GREENVILLE – A diabetes education and support program created by Clemson University and Prisma Health-Upstate is one of the first in the nation to be recognized as a practice-tested diabetes self-management support program by the American Diabetes Association (ADA).
The program, Health Extension for Diabetes, is listed on the Diabetes Support Directory, a free online tool to help connect communities to a qualified, American Diabetes Association-approved diabetes support program. The association’s Diabetes Support Initiative, which includes the directory, assures that diabetes program curricula, such as Clemson’s, meet its criteria for support programming, and align with the Standards of Medical Care in Diabetes and demonstrate significant positive health outcomes. The programs in the directory must also have evidence demonstrating the program’s impact, which includes the participant’s development of coping skills and behaviors to self-manage diabetes on an ongoing basis.
Health Extension for Diabetes was started two years ago with Healthy Greenville program funding from the Greenville Health Authority board of trustees. Co-led by Clemson’s public health sciences department, Clemson Cooperative Extension and Prisma Health-Upstate, the initiative has a goal to reduce the incidence and complications of diabetes and improve the health status of Greenville County.
Michelle Stancil, manager of Diabetes Management at Prisma Health-Upstate, and Michelle Parisi, Clemson Extension’s director of Nutrition and Health Extension Programs, said the Health Extension for Diabetes program has been a success since its start.
“Clemson’s partnership with Prisma Health-Upstate models the ability for Extension agents to create bridges between the community and the health system,” Parisi said. “This results in a strategic and coordinated link between clinicians and the community, thus filling a gap in traditional health care. ADA’s recognition of our program will not only promote the program itself but will also demonstrate an evidence-based model for partnering across systems to increase the health of our communities.”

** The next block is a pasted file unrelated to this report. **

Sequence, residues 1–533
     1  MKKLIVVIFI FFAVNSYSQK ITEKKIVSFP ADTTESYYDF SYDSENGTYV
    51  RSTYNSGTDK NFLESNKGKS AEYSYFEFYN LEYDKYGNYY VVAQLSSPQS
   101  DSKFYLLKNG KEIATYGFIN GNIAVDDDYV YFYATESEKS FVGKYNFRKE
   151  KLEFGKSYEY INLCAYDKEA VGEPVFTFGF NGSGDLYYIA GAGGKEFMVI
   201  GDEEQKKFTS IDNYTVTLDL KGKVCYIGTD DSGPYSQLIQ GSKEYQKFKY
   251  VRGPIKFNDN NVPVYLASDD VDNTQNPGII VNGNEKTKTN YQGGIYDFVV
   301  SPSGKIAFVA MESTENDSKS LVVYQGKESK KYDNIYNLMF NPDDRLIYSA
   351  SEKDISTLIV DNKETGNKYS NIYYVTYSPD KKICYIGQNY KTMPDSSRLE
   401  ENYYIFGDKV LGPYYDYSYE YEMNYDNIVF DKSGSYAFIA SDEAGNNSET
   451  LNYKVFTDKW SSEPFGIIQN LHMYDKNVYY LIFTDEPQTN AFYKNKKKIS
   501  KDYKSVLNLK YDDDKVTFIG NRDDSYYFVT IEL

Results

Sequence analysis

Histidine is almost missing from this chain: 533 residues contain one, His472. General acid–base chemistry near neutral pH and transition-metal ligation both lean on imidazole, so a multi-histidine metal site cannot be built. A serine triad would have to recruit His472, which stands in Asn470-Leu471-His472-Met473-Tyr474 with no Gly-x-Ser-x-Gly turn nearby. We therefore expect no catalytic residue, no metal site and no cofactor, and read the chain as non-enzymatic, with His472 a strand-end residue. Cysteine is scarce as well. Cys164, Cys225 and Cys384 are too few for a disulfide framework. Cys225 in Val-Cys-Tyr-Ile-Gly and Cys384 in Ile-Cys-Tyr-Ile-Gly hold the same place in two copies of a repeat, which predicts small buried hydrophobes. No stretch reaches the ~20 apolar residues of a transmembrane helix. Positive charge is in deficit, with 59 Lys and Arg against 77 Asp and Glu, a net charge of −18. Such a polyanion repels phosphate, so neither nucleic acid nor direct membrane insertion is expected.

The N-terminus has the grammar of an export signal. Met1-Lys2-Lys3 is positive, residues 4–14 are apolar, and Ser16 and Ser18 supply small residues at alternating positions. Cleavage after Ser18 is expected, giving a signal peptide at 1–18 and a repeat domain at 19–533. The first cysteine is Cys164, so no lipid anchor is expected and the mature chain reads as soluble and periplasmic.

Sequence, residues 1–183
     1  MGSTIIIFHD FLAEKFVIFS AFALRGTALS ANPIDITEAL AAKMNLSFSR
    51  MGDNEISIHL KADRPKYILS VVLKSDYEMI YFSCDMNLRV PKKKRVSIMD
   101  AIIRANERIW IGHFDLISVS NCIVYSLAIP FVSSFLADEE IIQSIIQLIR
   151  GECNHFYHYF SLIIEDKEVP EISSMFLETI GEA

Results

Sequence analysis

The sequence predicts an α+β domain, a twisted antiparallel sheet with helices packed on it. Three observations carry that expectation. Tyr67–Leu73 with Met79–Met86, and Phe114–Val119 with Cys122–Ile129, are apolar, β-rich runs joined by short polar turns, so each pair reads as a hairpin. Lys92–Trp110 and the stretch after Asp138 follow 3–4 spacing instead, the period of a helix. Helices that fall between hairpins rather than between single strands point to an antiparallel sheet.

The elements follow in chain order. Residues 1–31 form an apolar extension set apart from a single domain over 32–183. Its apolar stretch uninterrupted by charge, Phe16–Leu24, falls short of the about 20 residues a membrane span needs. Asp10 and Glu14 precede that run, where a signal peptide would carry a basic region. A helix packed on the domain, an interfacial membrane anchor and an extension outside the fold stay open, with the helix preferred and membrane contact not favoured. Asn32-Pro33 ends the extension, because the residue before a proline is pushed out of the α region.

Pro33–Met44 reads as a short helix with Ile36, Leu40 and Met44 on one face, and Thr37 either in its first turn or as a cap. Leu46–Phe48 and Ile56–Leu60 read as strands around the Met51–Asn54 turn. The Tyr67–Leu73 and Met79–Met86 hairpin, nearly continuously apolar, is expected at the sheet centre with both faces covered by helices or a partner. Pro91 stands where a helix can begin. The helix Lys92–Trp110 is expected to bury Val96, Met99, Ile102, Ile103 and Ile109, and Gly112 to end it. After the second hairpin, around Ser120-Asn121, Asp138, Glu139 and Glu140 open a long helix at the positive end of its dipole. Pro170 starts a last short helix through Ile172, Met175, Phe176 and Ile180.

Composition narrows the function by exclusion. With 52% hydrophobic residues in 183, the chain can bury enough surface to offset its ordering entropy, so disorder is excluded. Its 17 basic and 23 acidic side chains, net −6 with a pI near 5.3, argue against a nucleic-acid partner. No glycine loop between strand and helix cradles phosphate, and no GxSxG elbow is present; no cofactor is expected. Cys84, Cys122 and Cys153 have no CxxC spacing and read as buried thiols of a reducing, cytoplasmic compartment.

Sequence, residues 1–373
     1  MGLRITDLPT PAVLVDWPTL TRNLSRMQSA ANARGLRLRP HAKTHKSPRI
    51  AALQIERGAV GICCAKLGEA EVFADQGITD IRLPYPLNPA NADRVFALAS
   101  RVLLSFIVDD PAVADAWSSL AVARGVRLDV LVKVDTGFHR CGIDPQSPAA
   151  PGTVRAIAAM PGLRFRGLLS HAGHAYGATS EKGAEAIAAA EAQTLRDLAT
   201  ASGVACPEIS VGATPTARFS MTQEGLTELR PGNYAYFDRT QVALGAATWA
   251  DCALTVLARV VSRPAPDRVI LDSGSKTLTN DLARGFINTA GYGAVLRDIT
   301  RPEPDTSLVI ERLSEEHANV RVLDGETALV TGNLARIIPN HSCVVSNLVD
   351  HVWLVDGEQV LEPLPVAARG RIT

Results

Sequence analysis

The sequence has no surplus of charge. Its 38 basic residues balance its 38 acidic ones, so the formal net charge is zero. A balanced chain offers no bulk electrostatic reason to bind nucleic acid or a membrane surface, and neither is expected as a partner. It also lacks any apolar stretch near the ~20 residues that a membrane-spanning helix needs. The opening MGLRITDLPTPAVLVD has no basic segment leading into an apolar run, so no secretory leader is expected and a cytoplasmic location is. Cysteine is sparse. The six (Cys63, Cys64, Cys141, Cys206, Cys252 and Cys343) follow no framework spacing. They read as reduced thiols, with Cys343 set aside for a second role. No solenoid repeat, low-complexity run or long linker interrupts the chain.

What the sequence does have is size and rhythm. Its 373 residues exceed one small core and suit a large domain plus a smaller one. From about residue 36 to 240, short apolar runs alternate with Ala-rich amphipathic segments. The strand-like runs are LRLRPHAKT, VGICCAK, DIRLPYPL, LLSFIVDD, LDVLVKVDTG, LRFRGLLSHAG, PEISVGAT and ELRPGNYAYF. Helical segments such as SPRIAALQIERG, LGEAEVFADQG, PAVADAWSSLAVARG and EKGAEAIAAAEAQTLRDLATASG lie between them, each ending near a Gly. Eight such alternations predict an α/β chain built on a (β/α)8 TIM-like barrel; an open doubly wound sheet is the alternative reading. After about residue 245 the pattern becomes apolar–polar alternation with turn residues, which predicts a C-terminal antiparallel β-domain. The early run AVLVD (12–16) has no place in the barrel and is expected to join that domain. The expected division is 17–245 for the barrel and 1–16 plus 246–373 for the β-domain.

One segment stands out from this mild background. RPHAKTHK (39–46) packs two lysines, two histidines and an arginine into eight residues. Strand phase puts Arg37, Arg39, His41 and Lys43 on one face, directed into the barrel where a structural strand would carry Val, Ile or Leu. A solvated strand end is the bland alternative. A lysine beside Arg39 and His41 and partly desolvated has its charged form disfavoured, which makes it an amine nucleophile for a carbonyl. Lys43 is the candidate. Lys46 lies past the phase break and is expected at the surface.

Diabetes impacts quality and length of life. Unmanaged, this condition can lead to many complications that include blindness, kidney failure, heart attacks, strokes and amputations, according to the Centers for Disease Control and Prevention.
The American Diabetes Association states that in conjunction with Diabetes Self-Management Education and Support services, support programs have been linked to improved and reinforced diabetes-related knowledge, health outcomes and self-care skills in areas such as meal planning, physical activity, taking medication and blood glucose monitoring.
Stancil said that initial diabetes self-management education is provided at Prisma Health-Upstate and other locations across the state. Health Extension for Diabetes links people with diabetes to ongoing diabetes education and support.
“[Diabetes Self-Management Education and Support] provides individualized, evidence-based diabetes care and education, yielding positive changes in health behaviors and improved diabetes-related outcomes. Ongoing support is essential and is the service Health Extension for Diabetes provides in the community to promote and maintain diabetes self-management skills,” Stancil said. “This partnership unites clinical and community diabetes services, strengthening continuity of care.”
The development of the Health Extension for Diabetes Program was led by Danielle McFall, an Extension agent in Greenville County. Through the Cooperative Extension Service, McFall has now delivered the program to 10 cohorts with a total of 166 participants and a 92 percent graduation rate.
McFall said she has seen an increase in participants’ confidence to check their blood sugar, ask their doctors questions and advocate for themselves as well as take ownership of their self-care behaviors. McFall said they talk about diabetes self-management in the classes and give the participants resources for exercise, medication, referrals and can help them get connected to the health care system.
One such participant, who recently graduated from the program, has gained the confidence and knowledge to manage her diabetes. Starlin Wardlaw of Greenville was diagnosed with type 2 diabetes six years ago. She mainly relied on her medicine to keep her healthy, but she wanted to do something more. So she enrolled in the Health Extension for Diabetes program to learn how to manage her disease.
“I’m so glad I did. Being in this program has opened my eyes,” Wardlaw said. “I learned how to keep my blood sugar balanced and learned what foods I can eat. I now listen to my body and I’ve got the tools now to work with my diabetes and the skills to apply lifestyle changes. This program is going to save a lot of lives.”
With recognition from the American Diabetes Association, access to this program curriculum will be made available to professional members, community-based organizations, clinics, health systems and community health workers nationwide.
More information about the Health Extension for Diabetes Program can be found on Clemson’s website or information can be requested via email@example.com.
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